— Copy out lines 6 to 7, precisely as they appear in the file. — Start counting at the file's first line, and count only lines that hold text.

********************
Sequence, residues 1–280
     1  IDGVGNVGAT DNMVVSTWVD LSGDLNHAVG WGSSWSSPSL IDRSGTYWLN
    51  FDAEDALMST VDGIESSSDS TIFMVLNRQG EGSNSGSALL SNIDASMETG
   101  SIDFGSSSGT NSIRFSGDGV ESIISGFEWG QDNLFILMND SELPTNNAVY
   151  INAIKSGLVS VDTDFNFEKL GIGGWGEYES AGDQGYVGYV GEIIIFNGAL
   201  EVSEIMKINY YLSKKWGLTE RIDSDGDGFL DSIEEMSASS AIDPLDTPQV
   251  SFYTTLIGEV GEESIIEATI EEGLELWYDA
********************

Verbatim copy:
   201  EVSEIMKINY YLSKKWGLTE RIDSDGDGFL DSIEEMSASS AIDPLDTPQV
   251  SFYTTLIGEV GEESIIEATI EEGLELWYDA